The Middle East woke up to alarm this morning, as the government of Turkey announced that the Syrian town of Kobane was on the verge of falling to Islamic State fighters. The US Air Force showed up to back up Kurdish defenders in response, and one guy was on the ground to livetweet the whole thing.
Ever since the US and its allies began strikes in Syria roughly two weeks ago, IS has been adapting its tactics to try and evade the punishing pounding of bombs and missiles raining atop their maniacal heads. Changing up tactics is not entirely effective, however, when you're going up against a supersonic, swing-wing, semi-stealthy B-1B bomber.
With its ability to loiter over the battlefield for hours at a time, carry 125,000 pounds of payload, and shoot up to speeds over Mach 1, the B-1B Lancer, also known as the "Bone," can be an insurgent's worst nightmare. And when it's equipped with a Sniper Advanced Targeting Pod, as this one likely was, it can be deadly accurate.
But that doesn't mean the situation on the ground isn't incredibly fluid, incredibly dangerous, and incredibly scary. At various points, it's unclear who is fighting who, as the Kurdish militia, the Turkish military, and the IS fighters all slug it out. Twitter user @cahitstorm managed to tweet much of the day's fighting, all while hiding in a pepper field. It starts off slow, with IS on the advantage, but once the bomber shows up things get very heavy, very fast.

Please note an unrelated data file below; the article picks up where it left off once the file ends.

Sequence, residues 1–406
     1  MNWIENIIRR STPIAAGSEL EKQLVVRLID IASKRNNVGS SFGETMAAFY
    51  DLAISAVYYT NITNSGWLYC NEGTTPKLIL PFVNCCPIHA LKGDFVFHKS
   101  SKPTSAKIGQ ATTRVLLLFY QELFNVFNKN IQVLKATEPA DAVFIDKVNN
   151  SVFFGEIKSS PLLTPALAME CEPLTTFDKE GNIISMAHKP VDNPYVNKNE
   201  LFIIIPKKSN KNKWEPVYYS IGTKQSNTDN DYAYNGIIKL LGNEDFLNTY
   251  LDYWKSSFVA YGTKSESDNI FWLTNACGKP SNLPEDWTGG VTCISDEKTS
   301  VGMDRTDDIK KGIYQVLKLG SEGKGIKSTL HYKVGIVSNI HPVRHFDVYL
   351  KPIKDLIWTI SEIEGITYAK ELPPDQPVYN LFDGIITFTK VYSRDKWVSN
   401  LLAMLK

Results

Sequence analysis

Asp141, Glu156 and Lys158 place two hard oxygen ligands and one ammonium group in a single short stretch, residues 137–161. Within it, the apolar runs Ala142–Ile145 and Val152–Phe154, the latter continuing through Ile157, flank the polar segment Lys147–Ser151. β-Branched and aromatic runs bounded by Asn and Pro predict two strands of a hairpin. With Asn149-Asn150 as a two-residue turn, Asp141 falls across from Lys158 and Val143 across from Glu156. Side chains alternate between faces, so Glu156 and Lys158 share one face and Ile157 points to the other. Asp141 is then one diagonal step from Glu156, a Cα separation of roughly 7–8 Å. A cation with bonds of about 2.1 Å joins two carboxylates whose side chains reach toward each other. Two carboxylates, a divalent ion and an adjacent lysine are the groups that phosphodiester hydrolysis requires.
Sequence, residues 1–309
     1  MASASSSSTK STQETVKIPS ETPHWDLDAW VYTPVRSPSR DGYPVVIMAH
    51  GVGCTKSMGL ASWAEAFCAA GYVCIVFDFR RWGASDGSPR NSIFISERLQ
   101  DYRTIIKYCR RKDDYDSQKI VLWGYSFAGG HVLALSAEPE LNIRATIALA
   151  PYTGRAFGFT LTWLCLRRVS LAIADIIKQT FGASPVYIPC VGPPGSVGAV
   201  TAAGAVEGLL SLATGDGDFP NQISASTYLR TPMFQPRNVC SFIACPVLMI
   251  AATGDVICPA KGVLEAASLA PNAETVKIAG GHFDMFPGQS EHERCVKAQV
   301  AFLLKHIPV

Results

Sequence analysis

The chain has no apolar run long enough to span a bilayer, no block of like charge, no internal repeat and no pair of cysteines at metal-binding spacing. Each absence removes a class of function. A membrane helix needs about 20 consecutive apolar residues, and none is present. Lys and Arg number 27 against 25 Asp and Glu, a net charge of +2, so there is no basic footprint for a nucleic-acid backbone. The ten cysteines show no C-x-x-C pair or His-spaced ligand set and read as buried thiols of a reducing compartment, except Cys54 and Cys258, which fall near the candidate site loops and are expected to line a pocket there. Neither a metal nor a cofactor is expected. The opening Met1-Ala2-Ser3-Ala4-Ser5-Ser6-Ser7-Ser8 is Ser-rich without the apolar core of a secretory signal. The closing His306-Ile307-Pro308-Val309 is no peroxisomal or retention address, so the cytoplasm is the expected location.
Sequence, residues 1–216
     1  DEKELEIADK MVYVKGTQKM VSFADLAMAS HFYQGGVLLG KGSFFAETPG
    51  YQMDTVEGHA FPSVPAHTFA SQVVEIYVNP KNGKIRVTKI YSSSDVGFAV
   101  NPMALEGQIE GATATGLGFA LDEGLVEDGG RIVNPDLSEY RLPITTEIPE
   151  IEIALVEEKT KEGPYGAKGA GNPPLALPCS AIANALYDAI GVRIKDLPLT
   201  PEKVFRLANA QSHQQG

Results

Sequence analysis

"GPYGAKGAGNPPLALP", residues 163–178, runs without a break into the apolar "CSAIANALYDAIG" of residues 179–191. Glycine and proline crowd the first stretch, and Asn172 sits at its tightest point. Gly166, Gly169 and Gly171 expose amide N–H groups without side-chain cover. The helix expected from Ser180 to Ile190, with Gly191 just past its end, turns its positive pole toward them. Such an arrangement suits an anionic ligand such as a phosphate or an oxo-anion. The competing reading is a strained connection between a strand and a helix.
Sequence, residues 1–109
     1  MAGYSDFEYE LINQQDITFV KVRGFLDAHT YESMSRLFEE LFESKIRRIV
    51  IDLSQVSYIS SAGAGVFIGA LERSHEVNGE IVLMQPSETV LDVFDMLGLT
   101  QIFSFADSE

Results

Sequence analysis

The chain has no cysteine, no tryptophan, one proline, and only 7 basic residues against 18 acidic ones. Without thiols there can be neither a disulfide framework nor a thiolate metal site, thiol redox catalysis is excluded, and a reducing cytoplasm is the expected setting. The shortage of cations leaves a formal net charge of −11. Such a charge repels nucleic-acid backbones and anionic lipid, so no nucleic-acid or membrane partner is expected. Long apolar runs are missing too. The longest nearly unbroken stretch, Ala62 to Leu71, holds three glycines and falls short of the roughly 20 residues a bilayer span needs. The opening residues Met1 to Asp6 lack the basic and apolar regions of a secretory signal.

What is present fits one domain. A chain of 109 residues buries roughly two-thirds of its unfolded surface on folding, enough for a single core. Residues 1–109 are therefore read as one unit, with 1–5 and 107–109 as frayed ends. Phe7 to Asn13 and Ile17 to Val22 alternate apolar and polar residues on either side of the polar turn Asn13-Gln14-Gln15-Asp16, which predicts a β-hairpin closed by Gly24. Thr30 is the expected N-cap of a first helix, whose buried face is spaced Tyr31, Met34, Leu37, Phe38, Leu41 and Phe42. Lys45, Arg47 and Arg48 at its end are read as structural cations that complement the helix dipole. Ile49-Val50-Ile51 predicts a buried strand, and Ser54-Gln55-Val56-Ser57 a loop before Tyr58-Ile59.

And things do not go well for the Islamic State.
(Note: @cahitstorm commonly uses acronyms and names like Daesh, which is another name for the Islamic State, YPG, a Kurdish militia which has found itself allied with both the Free Syria Army and the Assad government at various points depending on need, and he refers to the Doshka, a heavy machine gun. We've also left out a few tweets for clarity, but you can see the whole thing over at @cahitstorm's Twitter account. And yes, we know he's made some typos, but you try tapping out an account of what's happening on your phone while the murderous nutters of IS battle it out about a quarter of a mile away from you and a massive bomber is pounding everything from above and you're hiding, desperate to save your own life, in a pepper field.)
And then the airborne artillery showed up.
And finally, it sounded like everything was over:
Let this be a reminder. The conflict in Syria and Iraq is not some abstract concept thousands of miles away. It's real, it involves real people, and real lives are under threat.